ITS A DIARY !
This is a diary, or rather, field notes written up each day, with the latest entry at the top.
To get the full story, start at the bottom entry in the archive, and read upwards.
Then read the current diary entries from the bottom up as well.
Once you've got the full story, just visit and read the new story for the day!
The yellow and pink squiggly lines are two walks we take. The yellow one is the one we usually do. The squigglyness indicates how Madame visits her several important sniffing check-points!
We stop several times to feed the ravens, and you can see where they come from.
If you right-click on the image and open it in a new tab, you can then zoom in to see more details.
Saturday, 27 February 2010
The high winds stormed over us yesterday afternoon, so it was dry and not windy early this morning, with a watery sun being obscured by clouds. Earlier, robins and blackbirds had been singing, and now the great tits have also started to join in. No raven calls, however.
I left the house at 7.25 a.m. and in Llandaff Fields not one raven was to be seen or heard. I assumed that they'd all flown into town, as last night there was a huge rugby match, so there must have been lots of left-over food for them.
I walked to the top of the big field, which had been colonised this morning by about forty black-headed seagulls. They flew up, and kept circling over my head as I was standing there. I walked on to the ravens field, thinking that none of my six ravens would turn up with that lot of seagulls overhead.
There were no ravens in the ravens field either - so I just went to the enclosure and threw some scraps into it. But then - my young pair arrived. They were very circumspect, keeping their distance, as usual, even in the enclosure. As I was turning away, one of them flew onto one of the fence posts and cawed repeatedly and very loudly.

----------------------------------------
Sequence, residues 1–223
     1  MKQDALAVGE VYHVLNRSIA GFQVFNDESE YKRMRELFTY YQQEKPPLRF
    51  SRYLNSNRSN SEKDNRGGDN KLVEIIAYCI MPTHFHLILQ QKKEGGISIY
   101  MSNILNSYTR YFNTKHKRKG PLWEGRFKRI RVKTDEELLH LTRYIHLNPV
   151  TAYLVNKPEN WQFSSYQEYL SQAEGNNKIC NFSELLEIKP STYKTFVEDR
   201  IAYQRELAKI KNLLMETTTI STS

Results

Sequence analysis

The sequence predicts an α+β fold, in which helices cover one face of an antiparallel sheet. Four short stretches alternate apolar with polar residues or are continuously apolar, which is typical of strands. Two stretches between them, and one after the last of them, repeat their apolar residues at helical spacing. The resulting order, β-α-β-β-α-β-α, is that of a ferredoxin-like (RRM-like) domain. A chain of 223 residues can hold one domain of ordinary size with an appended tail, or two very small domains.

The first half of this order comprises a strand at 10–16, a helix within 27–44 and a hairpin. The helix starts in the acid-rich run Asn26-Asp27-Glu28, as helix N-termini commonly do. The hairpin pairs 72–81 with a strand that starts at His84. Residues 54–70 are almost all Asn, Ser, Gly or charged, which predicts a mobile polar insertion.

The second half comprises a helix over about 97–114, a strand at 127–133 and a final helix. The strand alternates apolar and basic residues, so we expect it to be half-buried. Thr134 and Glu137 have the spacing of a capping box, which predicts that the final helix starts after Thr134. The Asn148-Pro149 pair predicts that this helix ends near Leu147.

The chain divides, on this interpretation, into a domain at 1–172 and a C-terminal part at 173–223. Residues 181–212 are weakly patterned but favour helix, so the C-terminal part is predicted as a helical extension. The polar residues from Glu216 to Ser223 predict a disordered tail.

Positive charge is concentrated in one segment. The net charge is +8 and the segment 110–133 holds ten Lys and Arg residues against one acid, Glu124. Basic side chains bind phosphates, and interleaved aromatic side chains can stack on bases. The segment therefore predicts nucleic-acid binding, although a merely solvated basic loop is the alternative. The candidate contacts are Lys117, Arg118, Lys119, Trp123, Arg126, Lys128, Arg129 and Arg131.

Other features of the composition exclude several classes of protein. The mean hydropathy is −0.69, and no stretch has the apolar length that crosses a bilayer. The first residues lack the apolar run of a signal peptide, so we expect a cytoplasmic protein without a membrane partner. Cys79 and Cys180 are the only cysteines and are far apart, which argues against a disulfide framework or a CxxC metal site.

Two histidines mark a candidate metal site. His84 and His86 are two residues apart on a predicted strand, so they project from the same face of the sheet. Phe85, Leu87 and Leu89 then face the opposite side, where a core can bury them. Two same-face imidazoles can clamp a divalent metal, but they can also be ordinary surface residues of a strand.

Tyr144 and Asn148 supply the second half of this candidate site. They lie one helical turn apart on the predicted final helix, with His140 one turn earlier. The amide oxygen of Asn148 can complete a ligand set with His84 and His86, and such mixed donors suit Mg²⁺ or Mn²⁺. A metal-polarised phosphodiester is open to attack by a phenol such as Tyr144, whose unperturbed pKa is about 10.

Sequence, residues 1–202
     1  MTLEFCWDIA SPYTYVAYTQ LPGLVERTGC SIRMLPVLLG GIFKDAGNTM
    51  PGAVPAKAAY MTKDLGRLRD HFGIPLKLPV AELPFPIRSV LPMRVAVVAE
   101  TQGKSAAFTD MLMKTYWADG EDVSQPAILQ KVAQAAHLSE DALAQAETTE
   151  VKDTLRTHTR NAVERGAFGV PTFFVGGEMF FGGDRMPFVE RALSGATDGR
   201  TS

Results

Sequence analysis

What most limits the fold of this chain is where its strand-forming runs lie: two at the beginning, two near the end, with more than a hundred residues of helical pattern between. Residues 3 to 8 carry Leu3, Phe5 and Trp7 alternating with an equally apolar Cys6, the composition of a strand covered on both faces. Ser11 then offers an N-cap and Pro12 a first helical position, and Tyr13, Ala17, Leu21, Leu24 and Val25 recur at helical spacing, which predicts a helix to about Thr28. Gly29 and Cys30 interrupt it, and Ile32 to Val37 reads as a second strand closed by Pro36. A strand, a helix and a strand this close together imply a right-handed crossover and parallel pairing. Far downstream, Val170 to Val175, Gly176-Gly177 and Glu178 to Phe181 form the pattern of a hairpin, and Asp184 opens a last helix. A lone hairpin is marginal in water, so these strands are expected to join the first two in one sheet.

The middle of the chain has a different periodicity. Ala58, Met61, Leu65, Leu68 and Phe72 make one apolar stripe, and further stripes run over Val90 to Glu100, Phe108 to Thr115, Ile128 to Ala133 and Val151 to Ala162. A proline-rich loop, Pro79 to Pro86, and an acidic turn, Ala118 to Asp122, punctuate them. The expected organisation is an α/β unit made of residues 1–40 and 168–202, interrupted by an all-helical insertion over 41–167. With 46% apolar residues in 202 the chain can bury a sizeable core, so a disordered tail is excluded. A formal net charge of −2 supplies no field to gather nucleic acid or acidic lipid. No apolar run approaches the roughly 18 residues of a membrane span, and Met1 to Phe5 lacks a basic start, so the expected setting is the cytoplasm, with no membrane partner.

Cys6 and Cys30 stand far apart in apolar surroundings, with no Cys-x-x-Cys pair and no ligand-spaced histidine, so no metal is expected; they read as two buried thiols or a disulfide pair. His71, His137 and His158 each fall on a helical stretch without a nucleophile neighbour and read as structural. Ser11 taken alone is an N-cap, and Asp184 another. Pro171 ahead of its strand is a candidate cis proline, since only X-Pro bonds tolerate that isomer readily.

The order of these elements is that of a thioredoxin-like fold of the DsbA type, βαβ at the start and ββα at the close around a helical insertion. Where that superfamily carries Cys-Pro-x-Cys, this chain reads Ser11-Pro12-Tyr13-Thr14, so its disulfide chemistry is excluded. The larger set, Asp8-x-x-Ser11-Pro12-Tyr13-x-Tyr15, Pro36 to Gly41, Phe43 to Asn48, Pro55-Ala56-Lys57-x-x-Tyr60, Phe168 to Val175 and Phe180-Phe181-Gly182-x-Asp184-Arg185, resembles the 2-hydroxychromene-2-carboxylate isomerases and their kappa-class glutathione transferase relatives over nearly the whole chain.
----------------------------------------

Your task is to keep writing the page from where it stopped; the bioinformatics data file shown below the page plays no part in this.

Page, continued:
I went back to the big field,, now without seagulls, and while the young pair had not followed me, the quarry pair turned up. As I threw them some scraps, the bold pair turned up - and then the young pair came as well.
At one point they all froze, didn't move at all - I looked up and saw a bird of prey fly high above us. I know there is a sparrow hawk about - it might have been him. He flew towards Pontcanna Fields, and as soon as he was out of sight, the ravens started moving again.
Then, a single raven turned up, coming from Pontcanna Fields - and the young pair and the bold pair immediately started to harrass him, and to beat him up.
He left, but the fight had not left the bold pair, who went for one of the young pair as that bird was going to pick up a scrap. The quarry pair had left, meanwhile.
However, peace soon broke out, and with me in the middle between the two pairs, they got on with chasing the scraps. The companion of the bold raven then puffed out her feathers, assumed the begging position, quorking and at the same time making clapping sounds with her beak: that is the first time I've observed and heard one of the ravens doing that.
Having run out of scraps, I turned to go back. Both pairs flew off, to the ravens field and to Pontcanna Fields respectively, none was following me.
Well - they must have seen Bas approaching in the distance ...
More bad weather predicted for the night and tomorrow. We'll see if the ravens will venture out into the rain and gales (if the weatehr forecasters have got it right, that is ...!)
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